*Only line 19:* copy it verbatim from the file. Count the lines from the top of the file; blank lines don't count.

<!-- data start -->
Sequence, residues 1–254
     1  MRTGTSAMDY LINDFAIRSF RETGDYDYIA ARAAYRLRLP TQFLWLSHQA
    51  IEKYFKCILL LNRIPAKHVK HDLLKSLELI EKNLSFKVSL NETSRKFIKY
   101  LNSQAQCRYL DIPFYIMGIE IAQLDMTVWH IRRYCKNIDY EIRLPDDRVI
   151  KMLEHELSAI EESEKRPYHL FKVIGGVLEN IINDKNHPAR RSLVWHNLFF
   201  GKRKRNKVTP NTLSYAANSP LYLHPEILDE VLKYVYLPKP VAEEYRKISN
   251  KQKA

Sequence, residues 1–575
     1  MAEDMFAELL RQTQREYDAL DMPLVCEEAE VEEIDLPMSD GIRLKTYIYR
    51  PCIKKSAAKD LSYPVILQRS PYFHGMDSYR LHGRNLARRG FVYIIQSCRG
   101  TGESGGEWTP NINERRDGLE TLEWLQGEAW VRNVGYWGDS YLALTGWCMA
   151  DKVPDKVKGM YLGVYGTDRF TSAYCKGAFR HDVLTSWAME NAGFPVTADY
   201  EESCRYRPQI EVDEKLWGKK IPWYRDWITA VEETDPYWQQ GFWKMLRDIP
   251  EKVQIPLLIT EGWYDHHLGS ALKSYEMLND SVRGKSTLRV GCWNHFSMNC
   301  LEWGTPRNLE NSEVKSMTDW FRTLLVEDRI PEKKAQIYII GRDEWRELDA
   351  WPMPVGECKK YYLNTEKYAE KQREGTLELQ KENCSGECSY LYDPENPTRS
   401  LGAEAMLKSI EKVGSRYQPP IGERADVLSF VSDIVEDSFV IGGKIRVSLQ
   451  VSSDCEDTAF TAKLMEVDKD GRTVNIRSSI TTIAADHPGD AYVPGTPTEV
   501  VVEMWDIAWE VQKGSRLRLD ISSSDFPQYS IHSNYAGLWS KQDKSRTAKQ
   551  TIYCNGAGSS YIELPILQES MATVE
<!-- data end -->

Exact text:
   501  VVEMWDIAWE VQKGSRLRLD ISSSDFPQYS IHSNYAGLWS KQDKSRTAKQ